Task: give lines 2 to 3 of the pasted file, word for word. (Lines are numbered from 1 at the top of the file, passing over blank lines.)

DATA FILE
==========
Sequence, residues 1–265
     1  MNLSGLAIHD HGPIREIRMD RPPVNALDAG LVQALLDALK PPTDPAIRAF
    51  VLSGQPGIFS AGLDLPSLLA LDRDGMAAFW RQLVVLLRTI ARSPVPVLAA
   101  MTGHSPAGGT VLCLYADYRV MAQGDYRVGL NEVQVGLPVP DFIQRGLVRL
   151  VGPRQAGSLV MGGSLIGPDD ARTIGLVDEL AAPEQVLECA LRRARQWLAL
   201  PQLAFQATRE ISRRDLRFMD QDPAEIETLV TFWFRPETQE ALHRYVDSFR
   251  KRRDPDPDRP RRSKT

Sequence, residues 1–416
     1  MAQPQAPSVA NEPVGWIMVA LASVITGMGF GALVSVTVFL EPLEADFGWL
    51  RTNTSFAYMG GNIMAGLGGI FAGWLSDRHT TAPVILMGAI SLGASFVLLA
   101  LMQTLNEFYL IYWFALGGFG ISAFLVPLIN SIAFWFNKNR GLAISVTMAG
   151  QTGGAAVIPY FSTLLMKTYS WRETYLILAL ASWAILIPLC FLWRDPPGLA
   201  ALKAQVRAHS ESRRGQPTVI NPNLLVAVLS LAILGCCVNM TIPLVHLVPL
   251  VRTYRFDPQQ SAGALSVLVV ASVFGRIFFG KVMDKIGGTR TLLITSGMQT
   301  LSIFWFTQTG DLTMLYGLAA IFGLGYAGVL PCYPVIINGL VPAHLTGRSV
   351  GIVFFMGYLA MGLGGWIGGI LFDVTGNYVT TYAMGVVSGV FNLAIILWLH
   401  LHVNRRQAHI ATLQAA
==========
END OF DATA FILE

     1  MNLSGLAIHD HGPIREIRMD RPPVNALDAG LVQALLDALK PPTDPAIRAF
    51  VLSGQPGIFS AGLDLPSLLA LDRDGMAAFW RQLVVLLRTI ARSPVPVLAA